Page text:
Conversational dynamics and future focus.

Unlike most studies of people’s reactions to mixed or negative feedback, our studies use face-to-face, real-time interaction, that is to say, two people in conversation. Might conversational dynamics associated with future-focused feedback contribute to its being better accepted and more motivating than feedback focused on the past? Do managers who focus more on the future listen to other people’s ideas and perspectives in ways that are perceived as more empathic and nonjudgmental? Do these more prospective discussions elicit greater cooperative problem solving? Research on conversation in the workplace is in its early stages [77], but some studies support the idea that high quality listening and partner responsiveness might reduce defensiveness, increase self-awareness, or produce greater willingness to consider new perspectives and ideas [78, 79].

Practical implications

Our studies provide the first empirical evidence that managers can make feedback more effective by focusing it on the future. Future-focused feedback, as we define it, is characterized by prospective thinking and by collaboration in generating ideas, planning, and problem-solving. We assessed the degree of future focus by asking participants to rate the extent to which the feedback discussion focused on future behavior, the two parties spent time generating new ideas for next steps, and the conversation centered on how to make the recipient successful. This differs greatly from feedback research that distinguishes past vs. future orientation “using minimal rewording of each critique comment” (e.g., you didn’t always demonstrate awareness of… vs. you should aim to demonstrate more awareness of…) [80 p. 1866].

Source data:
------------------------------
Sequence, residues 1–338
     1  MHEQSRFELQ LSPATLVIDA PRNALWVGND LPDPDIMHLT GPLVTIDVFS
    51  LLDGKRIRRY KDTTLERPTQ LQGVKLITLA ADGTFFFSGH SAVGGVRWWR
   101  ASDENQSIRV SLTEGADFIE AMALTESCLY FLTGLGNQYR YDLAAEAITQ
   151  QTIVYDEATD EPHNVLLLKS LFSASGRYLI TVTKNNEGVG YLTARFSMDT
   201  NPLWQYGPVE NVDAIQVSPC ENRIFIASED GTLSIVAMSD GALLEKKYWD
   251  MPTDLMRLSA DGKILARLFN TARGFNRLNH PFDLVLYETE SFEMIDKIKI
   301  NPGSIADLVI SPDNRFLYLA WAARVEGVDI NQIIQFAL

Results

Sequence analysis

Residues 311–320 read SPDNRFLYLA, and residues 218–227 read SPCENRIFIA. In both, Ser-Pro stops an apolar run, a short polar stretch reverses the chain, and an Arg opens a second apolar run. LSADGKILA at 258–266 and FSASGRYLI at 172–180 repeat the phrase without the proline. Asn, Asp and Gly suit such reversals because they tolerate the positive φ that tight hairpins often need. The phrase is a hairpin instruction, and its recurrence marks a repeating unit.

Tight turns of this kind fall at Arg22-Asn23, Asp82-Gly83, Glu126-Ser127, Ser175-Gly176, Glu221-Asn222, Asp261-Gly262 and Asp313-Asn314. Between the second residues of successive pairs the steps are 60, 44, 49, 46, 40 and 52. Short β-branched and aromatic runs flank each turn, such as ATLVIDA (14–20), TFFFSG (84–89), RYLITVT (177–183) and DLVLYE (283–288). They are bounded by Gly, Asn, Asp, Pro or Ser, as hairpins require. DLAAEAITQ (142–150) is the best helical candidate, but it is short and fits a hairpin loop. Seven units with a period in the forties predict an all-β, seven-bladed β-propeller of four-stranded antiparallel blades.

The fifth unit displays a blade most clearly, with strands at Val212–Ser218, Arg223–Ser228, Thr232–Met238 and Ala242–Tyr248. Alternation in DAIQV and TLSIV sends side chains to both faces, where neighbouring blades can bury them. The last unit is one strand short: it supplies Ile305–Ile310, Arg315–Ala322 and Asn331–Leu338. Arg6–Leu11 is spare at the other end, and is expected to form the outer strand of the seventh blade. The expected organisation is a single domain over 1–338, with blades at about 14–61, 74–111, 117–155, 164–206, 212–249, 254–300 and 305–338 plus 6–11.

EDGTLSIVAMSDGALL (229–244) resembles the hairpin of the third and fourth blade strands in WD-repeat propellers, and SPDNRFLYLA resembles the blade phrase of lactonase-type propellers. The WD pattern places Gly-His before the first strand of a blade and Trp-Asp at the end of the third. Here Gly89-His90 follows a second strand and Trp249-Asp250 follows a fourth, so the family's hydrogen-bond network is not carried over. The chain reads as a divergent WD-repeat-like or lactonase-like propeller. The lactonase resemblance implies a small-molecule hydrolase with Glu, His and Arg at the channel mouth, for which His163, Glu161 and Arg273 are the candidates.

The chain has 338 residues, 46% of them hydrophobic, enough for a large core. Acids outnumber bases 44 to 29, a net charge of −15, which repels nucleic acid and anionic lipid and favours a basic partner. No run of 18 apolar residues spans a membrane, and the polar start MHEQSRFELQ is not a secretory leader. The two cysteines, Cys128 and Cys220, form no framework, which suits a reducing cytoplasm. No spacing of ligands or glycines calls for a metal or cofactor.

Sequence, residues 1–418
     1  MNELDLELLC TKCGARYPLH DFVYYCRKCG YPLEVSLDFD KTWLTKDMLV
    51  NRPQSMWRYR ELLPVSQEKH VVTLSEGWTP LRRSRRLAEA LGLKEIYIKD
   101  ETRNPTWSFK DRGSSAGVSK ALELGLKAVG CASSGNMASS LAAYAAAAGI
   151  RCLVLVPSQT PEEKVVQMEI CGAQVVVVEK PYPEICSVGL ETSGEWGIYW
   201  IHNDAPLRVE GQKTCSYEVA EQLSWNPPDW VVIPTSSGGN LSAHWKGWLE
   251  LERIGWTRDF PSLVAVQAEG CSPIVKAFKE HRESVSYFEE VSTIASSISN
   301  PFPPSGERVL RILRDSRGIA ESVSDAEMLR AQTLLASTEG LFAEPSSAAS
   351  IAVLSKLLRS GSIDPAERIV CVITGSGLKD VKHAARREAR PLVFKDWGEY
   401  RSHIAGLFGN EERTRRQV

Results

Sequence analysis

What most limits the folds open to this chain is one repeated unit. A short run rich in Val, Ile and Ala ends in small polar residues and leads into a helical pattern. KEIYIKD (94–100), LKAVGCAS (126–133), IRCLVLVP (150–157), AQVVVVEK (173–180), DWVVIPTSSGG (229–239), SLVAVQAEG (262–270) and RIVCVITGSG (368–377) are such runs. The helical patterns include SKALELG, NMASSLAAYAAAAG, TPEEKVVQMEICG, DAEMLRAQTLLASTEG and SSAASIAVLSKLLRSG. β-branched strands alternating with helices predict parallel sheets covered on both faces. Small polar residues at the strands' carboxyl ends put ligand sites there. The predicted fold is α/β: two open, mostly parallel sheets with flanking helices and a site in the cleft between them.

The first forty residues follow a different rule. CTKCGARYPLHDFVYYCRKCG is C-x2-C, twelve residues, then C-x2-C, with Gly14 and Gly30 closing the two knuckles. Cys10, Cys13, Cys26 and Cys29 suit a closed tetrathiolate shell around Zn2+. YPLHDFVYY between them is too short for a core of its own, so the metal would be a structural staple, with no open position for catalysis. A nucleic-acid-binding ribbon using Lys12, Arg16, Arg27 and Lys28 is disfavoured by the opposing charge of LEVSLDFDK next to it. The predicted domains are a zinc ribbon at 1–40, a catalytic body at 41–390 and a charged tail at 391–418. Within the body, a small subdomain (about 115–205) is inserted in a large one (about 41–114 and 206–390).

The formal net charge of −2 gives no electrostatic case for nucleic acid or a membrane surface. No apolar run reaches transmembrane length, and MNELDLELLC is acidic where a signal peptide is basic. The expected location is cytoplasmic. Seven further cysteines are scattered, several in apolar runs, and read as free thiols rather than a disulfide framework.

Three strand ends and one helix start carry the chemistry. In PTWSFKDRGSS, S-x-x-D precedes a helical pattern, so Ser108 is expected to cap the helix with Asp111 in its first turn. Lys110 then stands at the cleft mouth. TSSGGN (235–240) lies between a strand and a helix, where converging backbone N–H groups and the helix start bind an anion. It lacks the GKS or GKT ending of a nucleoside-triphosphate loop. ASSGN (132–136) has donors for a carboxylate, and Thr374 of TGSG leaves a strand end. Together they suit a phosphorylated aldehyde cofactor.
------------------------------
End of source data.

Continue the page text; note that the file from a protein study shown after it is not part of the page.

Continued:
Because future-focused feedback is feedback, it also differs from both advice giving and “feedforward” (although it might be advantageous to incorporate these): It differs from Kluger and Nir’s feedforward interview, which queries how the conditions that enabled a person’s positive work experiences might be replicated in the future [81], and from Goldsmith’s feedforward exercise, which involves requesting and receiving suggestions for the future, without discussion or feedback [82].

The scenario at the very start of this article asks, “What can Chris say to get through to Taylor?” A future-focused answer might include the following: Chris first clarifies that the purpose of the feedback is to improve Taylor’s future performance, with the goal of furthering Taylor’s career. Chris applauds Taylor’s successes and is forthright and specific about Taylor’s shortcomings, while avoiding discussion of causes and explanations. Chris signals belief that Taylor has the motivation and competence to improve [83]. Chris then initiates a discussion in which they work together to develop ideas for how Taylor can achieve better outcomes in the future. (For a more detailed illustration of a future-focused conversation, see S11 Text.)